As more and more research shows that spanking isn't just unnecessary but potentially harmful, parents may wish to reconsider spanking as a method of discipline, which is the message the study authors hope people take away from this research.

"It's important to consider that corporal punishment does not impact every child the same way, and children can be resilient if exposed to potential adversities," said lead study author Jorge Cuartas. "But the important message is that corporal punishment is a risk that can increase potential problems for children's development, and following a precautionary principle, parents and policymakers should work toward trying to reduce its prevalence."

Courtesy of Verizon

If someone were to say "video games" to you, what are the first words that come to mind? Whatever words you thought of (fun, exciting, etc.), we're willing to guess "healthy" or "mental health tool" didn't pop into your mind.

And yet… it turns out they are. Especially for Veterans.

How? Well, for one thing, video games — and virtual reality more generally — are also more accessible and less stigmatized to veterans than mental health treatment. In fact, some psychiatrists are using virtual reality systems for this reason to treat PTSD.

Secondly, video games allow people to socialize in new ways with people who share common interests and goals. And for Veterans, many of whom leave the military feeling isolated or lonely after they lose the daily camaraderie of their regiment, that socialization is critical to their mental health. It gives them a virtual group of friends to talk with, connect to, and relate to through shared goals and interests.

In addition, according to a 2018 study, since many video games simulate real-life situations they encountered during their service, it makes socialization easier since they can relate to and find common ground with other gamers while playing.

This can help ease symptoms of depression, anxiety, and even PTSD in Veterans, which affects 20% of the Veterans who have served since 9/11.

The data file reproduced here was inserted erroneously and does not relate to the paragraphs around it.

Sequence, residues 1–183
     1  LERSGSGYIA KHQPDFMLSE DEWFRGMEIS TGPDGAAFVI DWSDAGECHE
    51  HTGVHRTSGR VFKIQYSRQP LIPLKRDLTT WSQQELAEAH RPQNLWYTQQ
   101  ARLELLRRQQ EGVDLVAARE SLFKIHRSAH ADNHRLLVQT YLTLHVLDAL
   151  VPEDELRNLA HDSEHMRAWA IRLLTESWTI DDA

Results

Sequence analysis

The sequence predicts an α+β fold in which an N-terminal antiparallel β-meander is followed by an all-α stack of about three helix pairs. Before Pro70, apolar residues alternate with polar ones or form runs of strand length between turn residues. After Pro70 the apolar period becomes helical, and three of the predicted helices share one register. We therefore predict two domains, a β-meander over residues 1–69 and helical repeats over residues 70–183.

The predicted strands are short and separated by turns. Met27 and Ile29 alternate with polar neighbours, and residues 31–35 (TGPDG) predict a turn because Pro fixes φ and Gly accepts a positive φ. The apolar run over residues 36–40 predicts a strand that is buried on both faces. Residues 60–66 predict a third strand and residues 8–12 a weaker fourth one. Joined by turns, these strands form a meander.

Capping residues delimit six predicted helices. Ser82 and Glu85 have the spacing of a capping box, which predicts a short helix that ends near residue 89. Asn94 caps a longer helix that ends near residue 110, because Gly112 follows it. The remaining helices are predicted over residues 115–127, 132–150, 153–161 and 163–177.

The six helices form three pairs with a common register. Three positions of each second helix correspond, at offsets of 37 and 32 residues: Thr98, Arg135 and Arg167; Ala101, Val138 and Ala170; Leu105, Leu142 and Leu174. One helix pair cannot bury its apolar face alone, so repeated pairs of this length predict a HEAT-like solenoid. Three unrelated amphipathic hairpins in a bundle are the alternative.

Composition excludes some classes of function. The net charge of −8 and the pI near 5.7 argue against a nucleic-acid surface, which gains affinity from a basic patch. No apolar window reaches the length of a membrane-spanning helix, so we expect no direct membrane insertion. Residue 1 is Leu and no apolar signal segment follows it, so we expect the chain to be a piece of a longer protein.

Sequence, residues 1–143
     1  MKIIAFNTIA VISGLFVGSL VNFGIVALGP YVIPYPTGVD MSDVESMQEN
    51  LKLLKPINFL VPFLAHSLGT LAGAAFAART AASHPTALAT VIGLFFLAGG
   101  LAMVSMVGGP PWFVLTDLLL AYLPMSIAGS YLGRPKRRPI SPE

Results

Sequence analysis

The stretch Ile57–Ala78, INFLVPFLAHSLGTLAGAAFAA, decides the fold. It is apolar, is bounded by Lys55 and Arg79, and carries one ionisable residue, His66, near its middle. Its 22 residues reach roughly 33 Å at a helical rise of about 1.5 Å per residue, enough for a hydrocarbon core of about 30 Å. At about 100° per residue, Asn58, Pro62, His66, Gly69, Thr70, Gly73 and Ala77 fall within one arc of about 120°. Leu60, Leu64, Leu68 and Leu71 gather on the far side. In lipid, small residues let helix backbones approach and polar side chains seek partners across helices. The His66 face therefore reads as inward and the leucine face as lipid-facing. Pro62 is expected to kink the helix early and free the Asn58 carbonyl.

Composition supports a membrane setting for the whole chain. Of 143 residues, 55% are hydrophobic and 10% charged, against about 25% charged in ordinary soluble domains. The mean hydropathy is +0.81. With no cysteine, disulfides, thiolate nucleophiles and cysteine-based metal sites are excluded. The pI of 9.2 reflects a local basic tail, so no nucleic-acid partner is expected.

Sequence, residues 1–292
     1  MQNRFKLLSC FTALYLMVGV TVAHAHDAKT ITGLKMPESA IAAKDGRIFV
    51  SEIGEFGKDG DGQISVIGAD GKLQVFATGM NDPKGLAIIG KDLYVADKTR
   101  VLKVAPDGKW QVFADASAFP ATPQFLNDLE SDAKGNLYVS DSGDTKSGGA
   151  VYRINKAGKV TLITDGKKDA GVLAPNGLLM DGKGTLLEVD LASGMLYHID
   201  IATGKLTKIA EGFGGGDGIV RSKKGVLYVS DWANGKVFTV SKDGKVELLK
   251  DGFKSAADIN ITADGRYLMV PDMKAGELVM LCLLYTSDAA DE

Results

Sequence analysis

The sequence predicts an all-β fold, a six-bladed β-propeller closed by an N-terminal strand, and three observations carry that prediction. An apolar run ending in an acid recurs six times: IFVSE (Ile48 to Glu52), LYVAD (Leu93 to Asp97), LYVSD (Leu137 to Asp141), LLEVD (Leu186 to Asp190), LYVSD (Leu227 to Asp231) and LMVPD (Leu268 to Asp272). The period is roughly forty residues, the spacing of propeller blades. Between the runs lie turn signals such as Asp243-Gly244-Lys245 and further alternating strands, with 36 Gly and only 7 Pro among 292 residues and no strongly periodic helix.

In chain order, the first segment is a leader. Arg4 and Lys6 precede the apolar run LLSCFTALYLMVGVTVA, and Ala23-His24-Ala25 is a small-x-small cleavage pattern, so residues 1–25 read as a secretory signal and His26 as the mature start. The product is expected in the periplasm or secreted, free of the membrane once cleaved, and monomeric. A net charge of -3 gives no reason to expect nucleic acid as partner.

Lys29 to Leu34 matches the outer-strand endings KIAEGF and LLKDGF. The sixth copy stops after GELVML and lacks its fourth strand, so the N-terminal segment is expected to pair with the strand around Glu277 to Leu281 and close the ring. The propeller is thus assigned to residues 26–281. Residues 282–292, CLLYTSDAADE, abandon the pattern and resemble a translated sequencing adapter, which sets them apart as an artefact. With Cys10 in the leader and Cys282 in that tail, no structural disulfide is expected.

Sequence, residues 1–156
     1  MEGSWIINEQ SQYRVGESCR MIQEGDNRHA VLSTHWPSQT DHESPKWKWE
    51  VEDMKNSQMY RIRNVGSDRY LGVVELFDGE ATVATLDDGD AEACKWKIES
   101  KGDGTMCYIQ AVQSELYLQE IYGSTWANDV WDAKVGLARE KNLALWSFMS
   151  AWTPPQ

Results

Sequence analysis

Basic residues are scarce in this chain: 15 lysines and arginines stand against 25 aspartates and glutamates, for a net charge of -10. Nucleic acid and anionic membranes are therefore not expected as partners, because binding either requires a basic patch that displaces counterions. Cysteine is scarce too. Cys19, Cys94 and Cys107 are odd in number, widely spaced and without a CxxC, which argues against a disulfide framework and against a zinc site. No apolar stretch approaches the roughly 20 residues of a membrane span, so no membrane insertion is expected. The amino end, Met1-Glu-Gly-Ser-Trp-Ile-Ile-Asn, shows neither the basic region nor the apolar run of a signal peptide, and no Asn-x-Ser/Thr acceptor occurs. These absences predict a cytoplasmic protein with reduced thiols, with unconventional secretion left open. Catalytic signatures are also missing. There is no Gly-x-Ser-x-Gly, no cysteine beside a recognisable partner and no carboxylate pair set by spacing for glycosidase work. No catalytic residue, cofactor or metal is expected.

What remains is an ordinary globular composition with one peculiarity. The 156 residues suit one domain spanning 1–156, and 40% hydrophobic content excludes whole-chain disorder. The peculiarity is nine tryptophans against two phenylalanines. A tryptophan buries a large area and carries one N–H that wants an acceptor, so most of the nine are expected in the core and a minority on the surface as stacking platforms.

Watch here as Verizon dives into the stories of three Veteran gamers to learn how video games helped them build community, deal with trauma and have some fun.

Band of Gamers

Video games have been especially beneficial to Veterans since the beginning of the pandemic when all of us — Veterans included — have been even more isolated than ever before.

And that's why Verizon launched a challenge last year, which saw $30,000 donated to four military charities.

And this year, they're going even bigger by launching a new World of Warships charity tournament in partnership with Wargaming and Wounded Warrior Project called "Verizon Warrior Series." During the tournament, gamers will be able to interact with the game's iconic ships in new and exciting ways, all while giving back.

Together with these nonprofits, the tournament will welcome teams all across the nation in order to raise money for military charities helping Veterans in need. There will be a $100,000 prize pool donated to these charities, as well as donation drives for injured Veterans at every match during the tournament to raise extra funds.

Verizon is also providing special discounts to Those Who Serve communities, including military and first responders, and they're offering a $75 in-game content military promo for World of Warships.

Tournament finals are scheduled for August 8, so be sure to tune in to the tournament and donate if you can in order to give back to Veterans in need.

Courtesy of Verizon

Ready for the weekend? Of course, you are. Here's our weekly dose of good vibes to help you shed the stresses of the workweek and put yourself in a great frame of mind.

These 10 stories made us happy this week because they feature amazing creativity, generosity, and one super-cute fish.

1. Diver befriends a fish with the cutest smile

Hawaiian underwater photographer Yuki Nakano befriended a friendly porcupine fish and now they hang out regularly.